Lobular Breast Cancer is the second most common type of breast cancer in women which accounts for 15% to 20% of 100,000 cases diagnosed every year.

lobular breast cancerYou may be at risk for having this condition if you have a genetic predisposition to it, if you are taking HRT (Hormonal Replacement Therapy).

Recent studies show that if you have high alcohol consumption, it also increases the risk of developing lobular breast cancer, according to The Journal of the National Cancer Institute.

Generally speaking, if you have a high consumption of alcohol, it predisposes you to all types of cancer.

But recent studies showed that alcohol intake strongly increases the risk of the hormone (estrogen or progesterone) receptor-positive breast cancer, particularly lobular breast cancer. This was supported by a research study conducted by Christopher I. Li, MD, PhD. and his colleagues at Fred Hutchinson Cancer Research Center.

In that 5 year study, 2,944 postmenopausal women from the 87,724 respondents developed lobular breast cancer. What was significant other than the expected demographic data (age and hormone status), family genetic history was their lifestyle, which was characterized by a high alcohol consumption.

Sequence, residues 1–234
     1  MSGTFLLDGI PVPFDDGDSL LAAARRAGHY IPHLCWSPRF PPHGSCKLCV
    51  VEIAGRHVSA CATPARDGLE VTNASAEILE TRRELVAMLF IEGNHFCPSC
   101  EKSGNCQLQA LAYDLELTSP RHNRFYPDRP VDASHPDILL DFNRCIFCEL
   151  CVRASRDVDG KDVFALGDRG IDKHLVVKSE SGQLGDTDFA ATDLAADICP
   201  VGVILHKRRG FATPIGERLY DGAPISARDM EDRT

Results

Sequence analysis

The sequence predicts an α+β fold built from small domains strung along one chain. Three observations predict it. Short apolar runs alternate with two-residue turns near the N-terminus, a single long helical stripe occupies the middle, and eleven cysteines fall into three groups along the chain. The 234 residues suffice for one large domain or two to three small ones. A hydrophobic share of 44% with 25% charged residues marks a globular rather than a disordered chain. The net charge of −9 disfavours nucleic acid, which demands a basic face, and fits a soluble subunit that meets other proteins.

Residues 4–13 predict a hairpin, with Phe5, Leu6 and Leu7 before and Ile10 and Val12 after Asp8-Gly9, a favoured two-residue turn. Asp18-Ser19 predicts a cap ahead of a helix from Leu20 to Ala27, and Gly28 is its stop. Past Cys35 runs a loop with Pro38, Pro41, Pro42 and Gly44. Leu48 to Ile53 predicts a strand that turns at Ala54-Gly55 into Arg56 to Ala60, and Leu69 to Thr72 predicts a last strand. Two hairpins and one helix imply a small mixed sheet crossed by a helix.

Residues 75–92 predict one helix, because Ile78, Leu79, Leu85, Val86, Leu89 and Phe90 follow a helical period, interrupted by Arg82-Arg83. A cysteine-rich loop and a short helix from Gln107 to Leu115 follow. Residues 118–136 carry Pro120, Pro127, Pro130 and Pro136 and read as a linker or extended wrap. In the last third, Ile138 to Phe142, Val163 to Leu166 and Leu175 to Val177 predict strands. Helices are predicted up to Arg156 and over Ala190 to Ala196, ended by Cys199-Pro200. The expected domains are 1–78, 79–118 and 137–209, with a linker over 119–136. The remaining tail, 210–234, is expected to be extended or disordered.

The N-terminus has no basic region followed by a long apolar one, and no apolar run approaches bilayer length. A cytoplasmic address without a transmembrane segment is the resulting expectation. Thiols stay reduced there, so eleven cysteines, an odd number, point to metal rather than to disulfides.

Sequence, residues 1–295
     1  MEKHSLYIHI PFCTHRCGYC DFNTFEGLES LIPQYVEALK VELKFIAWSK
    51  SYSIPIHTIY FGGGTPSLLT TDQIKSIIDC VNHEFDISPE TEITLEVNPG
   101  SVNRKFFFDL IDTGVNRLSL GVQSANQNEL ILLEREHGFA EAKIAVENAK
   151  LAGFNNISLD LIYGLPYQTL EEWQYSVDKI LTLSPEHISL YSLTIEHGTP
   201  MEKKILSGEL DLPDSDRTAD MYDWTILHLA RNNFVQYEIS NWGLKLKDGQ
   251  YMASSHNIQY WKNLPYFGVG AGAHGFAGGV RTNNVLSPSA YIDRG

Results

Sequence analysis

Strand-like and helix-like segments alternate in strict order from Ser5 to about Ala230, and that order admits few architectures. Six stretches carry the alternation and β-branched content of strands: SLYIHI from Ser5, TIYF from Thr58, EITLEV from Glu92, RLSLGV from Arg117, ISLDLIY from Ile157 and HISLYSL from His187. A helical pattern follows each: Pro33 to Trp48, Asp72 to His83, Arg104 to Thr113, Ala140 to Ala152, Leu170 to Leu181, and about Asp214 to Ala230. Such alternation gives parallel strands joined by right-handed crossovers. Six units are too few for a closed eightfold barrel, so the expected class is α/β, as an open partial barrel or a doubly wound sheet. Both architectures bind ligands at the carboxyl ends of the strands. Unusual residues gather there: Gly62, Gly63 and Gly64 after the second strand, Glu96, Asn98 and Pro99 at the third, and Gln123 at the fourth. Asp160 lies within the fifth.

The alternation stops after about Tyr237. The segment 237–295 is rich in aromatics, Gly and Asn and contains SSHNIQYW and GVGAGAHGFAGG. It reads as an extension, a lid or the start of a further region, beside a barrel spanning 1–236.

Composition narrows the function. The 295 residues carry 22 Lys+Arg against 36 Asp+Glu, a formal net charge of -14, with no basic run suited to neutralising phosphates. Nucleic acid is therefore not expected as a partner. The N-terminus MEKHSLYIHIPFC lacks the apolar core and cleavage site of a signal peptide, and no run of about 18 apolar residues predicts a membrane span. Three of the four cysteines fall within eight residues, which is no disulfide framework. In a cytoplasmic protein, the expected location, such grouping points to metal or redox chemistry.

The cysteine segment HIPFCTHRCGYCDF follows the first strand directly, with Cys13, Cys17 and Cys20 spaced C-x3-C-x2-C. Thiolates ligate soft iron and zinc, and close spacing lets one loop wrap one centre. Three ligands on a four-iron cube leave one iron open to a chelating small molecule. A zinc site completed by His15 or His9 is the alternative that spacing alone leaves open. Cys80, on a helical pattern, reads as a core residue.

Researchers found that those with high alcohol consumption of more than 14 drinks per week developed the risk for an increase in hormone receptor-positive breast cancer leading to an increase incidence of lobular breast cancer.

The study further added that association to a particular type of alcohol did not have any significant impact on the results.

Lobular cancer is the invasive type of cancer compared to ductal breast cancer, which is non-invasive. It accounts for more incidences – up to 70% of cases.

This study’s limitation was that alcohol intake of the respondents was monitored only during the 5th year study period, but had no reference to their past alcohol usage.

Nevertheless, this data is enough to assume that more years of high alcohol consumption will further increase the incidence of lobular breast cancer and may affect the early manifestation of the disease.

If you think you have had a past history of high alcohol consumption and are lucky to have no signs of lobular breast cancer, it will be the best time to have a lifestyle change and prevent yourself from developing the disease. Symptoms of Lobular breast cancer include:

  • thickening of a part of the breast;
  • fullness or swelling in any part of the breast; and
  • any change in skin texture and appearance of the breast such as dimpling and unusual inward retraction of the nipples.

Treatment for lobular breast cancer includes surgery, chemotherapy, radiation therapy and selective hormone replacement therapy.